I was 29 years old when I found myself sitting in the Oncologist office, waiting for the results of my genetic testing. Just moments before I had been seated in the waiting room, feeling out of place. All around me were the women of my mothers’ generation and older, accompanied by their husbands for emotional support. I could only assume that these women were battling cancer; Everywhere I looked they sported the brightly colored hair wraps to hide the thinning of their hair, and many were wheel-chair bound. I felt out of sorts and humbled to be in their presence. Only moments before I had felt young and vital; A spirited mother of 2 daughters. Now I was moments away from the coin flip chance that I had inherited a gene mutation from my mother that would increase my chances for breast cancer.
It had been an emotional year that year, as my own mother was diagnosed with breast cancer. She already knew there was a risk in our family, as three of her sisters had been diagnosed, and one of her nieces before the age of 40. When my mom called to tell me she had cancer, the treatment dance began. She opted to have the lump removed, but decided to forgo having any lymph nodes removed. The cancer was invasive, but she chose not to undergo Chemo. She was 67 years old; the lump was removed successfully with clean margins. Her choice was a simple one; quality over quantity. Her diagnosis of breast cancer did however open the door for her to take part in genetic testing. This is where the genetic mutation became known to us.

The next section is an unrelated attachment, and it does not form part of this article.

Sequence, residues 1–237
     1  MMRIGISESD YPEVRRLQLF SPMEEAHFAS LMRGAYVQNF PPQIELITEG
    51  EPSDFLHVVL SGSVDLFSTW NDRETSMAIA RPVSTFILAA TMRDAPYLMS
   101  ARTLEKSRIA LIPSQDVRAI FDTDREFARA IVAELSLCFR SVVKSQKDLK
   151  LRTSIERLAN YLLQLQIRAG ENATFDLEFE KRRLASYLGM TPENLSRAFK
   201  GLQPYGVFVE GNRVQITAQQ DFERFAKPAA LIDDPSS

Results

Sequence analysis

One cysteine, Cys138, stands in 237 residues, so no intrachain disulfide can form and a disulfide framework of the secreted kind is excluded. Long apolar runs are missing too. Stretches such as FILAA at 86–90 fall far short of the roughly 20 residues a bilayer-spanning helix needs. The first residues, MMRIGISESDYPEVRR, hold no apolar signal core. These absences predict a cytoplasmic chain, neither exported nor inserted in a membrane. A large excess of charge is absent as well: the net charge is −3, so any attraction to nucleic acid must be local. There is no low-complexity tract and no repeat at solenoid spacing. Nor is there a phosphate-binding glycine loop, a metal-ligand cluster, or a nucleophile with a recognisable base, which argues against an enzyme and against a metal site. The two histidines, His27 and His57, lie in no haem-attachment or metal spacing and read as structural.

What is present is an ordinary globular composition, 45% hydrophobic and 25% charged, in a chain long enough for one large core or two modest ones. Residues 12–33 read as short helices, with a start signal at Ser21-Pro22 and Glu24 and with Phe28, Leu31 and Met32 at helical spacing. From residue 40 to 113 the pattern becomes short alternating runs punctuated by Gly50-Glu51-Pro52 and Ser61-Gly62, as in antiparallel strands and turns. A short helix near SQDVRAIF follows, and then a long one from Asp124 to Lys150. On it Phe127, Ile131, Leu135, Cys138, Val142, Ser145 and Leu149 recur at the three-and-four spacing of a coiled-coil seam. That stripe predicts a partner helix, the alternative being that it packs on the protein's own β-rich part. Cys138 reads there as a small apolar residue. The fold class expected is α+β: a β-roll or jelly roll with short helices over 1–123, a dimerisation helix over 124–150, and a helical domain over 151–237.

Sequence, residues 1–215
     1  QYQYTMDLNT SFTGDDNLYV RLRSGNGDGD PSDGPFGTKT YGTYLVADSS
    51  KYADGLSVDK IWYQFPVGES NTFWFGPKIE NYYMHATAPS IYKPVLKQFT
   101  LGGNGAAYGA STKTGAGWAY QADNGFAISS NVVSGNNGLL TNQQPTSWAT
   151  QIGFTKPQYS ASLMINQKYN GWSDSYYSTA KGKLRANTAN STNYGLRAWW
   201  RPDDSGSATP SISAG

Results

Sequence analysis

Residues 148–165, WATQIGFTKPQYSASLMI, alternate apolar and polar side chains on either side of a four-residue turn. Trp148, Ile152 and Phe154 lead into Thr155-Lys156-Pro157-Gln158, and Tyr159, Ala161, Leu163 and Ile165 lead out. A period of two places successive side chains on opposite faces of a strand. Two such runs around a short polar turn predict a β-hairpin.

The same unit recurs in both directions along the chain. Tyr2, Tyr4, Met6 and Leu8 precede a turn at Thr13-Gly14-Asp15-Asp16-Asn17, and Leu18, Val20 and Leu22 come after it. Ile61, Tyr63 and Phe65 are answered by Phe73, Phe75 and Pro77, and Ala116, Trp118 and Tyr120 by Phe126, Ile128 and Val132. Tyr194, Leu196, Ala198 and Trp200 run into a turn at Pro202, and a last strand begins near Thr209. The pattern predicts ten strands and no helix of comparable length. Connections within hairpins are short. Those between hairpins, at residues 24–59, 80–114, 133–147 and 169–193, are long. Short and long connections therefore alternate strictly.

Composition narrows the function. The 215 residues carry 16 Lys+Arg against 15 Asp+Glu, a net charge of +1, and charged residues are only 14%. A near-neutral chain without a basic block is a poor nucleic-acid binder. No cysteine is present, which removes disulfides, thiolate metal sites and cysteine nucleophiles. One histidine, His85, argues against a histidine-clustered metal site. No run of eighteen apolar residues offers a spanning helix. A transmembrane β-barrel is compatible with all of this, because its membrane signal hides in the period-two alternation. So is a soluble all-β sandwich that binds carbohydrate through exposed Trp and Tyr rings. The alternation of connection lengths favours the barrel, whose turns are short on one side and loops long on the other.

Most people have heard, and live in fear of, the Brca gene 1 and 2. It is a gene mutation that nearly doubles your chance of getting breast or ovarian cancer. My mother did not have the Brca gene, she has the ATM gene (single copy).
As I sat in the Oncologist office, I couldn’t help but wonder if I had made the right decision to be tested? There wasn’t much known about this gene mutation, other than it makes those who inherited it more sensitive to radiation. With a diagnosis of breast cancer, and an inherited ATM gene, my mother was unable to have radiation; it would have made her worse. She simply made her choice to remove the lump and go on living her life. Three years later she is happy with the decision she made.
My coin flip of a chance that I would inherit the mutation was positive. I had inherited the single copy mutation from my mother, and now I would live my life knowing I had a higher risk of getting certain types of cancers; breast cancer being the most prominent. Before I was even told of the positive result, I had come to terms with having the mutation. What I was unsure of was whether or not I had truly wanted to live with this knowledge. With my mothers’ official genetic testing and breast cancer diagnosis, it opened the doorway for my sister and I to be able to get genetic testing done, without the insurance implications. My sister opted to not get tested, but I knew that for me I had no choice; I had two daughters. If I had inherited the mutation, then they would have the same odds of inheriting it from me. I didn’t want to know for myself, but I needed to know for them.
The positive test result was like finally letting out the breath of air I was holding in. Now I knew, and I could move forwards; I just didn’t realize that moving forwards with this knowledge would horrify me more than the results themselves.
I didn’t like my Oncologist. If I had been seeing her because of a cancer diagnosis, I would have asked for a different doctor immediately. She didn’t make me feel at ease, or like I was in a safe place. She made me feel like I was sitting in a cold, dark, hospital room all alone. After delivering the news to me that I had this gene mutation, she immediately launched into treatment plans. Treatment plans for a risk, not the disease itself. She listed off things such as removing my breasts entirely, or beginning to take anti-cancer treatment drugs (with side effects like blood clots and pre-mature age symptoms). I no longer felt like a care-free spirited 29-year-old; I felt like my life was heading down a path of needles, doctors, and pain. All because of a risk I inherited.